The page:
I have been in a rage of late. I feel it as I read the newspaper, as I read stories about women from around the world: women in Saudi Arabia who cannot drive their children to school, girls being used as sex slaves, young teenagers in Dubai who rot in jail because they got pregnant, three beautiful vibrant girls who had their whole life ahead of them but were drowned because they were believed to have shamed their families. Shame on you. Everywhere I turn, I hear or read these stories and feel an anger building along with the desire to do something, to let women who are oppressed, abused and without a voice know that we hear them.
I have listened to why women shouldn't be educated, why they shouldn't play sports and why they shouldn't drive or vote. Even in challenging these ideas one can be accused of not respecting religion or culture. I am sickened by it, sick of hearing that it is OK for a woman not to have basic human rights, for a woman to be denied the opportunity for education, health care, the opportunity to pursue her dreams and ambitions. I was so angry after reading about that horrific crime in Ontario that I had to paint. Painting is an emotional release for me.
So on Sunday, I painted a woman from Afghanistan, a photo a friend had shown me. Her face had been mutilated by her husband for suspected adultery. I painted her face back together, I added colour to her hijab, and sharpened her features. I strengthened her eyes, I made her body strong and hard, hard enough to defend herself. I painted a woman who couldn't be hurt. My daughters watched me paint this woman and asked what happened to her nose. I told them I was painting it back, "that 's good, mommy", my twelve year old Kate said, visibly relieved.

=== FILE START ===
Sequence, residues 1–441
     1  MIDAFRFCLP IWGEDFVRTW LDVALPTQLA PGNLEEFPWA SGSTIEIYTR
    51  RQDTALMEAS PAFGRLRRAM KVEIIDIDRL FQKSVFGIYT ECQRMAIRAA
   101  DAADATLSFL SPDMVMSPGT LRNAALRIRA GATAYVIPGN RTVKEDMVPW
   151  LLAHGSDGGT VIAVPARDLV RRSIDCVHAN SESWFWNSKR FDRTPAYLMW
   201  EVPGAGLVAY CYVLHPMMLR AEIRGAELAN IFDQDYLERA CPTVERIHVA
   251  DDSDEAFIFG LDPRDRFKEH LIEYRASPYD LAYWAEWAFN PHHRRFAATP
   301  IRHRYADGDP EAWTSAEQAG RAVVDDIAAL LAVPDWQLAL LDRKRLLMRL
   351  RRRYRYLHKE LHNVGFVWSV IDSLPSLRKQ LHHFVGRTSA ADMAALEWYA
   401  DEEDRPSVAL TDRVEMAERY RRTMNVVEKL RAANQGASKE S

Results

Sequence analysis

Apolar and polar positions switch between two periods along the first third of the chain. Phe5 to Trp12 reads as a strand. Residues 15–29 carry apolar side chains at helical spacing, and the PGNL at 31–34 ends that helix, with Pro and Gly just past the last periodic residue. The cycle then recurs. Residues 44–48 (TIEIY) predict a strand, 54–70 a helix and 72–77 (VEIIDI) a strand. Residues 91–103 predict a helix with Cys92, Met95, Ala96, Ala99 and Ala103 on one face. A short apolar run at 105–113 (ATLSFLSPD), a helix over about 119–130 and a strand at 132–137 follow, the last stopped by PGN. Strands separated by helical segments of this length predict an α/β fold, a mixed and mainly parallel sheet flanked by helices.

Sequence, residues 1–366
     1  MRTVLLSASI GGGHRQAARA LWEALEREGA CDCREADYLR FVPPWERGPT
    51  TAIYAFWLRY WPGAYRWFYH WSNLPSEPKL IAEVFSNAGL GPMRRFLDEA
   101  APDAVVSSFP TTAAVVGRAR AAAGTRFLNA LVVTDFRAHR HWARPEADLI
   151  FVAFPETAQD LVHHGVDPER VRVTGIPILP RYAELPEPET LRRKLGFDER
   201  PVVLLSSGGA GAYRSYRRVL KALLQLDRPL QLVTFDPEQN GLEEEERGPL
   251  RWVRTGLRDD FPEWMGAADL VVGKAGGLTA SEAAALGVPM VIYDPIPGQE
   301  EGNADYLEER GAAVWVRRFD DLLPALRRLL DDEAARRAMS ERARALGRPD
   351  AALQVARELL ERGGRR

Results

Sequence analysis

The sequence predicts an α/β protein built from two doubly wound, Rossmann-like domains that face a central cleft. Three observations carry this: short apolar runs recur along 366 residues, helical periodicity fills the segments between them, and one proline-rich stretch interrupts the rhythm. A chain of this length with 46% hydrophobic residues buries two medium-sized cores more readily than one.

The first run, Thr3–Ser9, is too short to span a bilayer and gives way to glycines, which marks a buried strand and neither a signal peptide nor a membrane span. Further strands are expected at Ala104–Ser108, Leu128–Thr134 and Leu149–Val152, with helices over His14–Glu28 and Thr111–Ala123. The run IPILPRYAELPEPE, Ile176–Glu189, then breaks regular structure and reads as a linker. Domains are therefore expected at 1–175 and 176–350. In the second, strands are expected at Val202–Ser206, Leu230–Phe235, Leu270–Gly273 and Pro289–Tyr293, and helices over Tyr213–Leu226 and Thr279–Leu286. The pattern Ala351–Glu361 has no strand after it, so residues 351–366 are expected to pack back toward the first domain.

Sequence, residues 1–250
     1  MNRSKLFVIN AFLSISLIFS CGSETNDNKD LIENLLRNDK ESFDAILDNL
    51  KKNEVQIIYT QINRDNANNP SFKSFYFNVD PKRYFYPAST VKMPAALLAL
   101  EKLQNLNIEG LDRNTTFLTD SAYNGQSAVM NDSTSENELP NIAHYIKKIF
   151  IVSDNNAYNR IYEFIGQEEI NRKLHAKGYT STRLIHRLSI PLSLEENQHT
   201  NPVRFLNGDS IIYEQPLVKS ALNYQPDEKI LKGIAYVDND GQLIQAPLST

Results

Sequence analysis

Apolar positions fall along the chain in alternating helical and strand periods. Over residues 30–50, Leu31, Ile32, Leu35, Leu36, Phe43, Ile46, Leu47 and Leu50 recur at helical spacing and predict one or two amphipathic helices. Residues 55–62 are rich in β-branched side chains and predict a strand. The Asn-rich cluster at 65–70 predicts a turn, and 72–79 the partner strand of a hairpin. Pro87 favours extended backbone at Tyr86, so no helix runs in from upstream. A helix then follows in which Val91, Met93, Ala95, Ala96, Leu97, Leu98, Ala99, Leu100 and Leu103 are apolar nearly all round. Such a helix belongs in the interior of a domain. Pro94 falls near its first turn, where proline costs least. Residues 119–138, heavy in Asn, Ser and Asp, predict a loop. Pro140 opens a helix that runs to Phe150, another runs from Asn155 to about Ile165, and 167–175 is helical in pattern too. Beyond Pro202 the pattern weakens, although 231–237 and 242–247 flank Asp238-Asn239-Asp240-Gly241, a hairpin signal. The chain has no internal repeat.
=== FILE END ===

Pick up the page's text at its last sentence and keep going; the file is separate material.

As I read these stories, I feel grateful that at least now I know that we are respecting these women enough to want to hear their stories, to take our anger and inspire people to do something. To raise money, to educate, to share what we know. Last year, my girlfriend here in Canada brought many friends together and raised thousands of dollars to help rape victims in Afghanistan bring their persecutors to justice. I am starting in a small way by supporting Right to Play's projects in Pakistan and Afghanistan. Five years ago, when Right To Play first worked in Pakistan, they had to build a fence around the girls play area. Attitudes in the community where they live and work have progressed far enough that they are done with the fence. Mothers who were at first reluctant to let their daughters play now have stood up and asked for more opportunities for their girls. We know that girls who play sports are more likely to stay in school and have higher self esteem.
Change may happen slowly, but I believe becoming more aware of what is happening to so many women around the world is an important first step.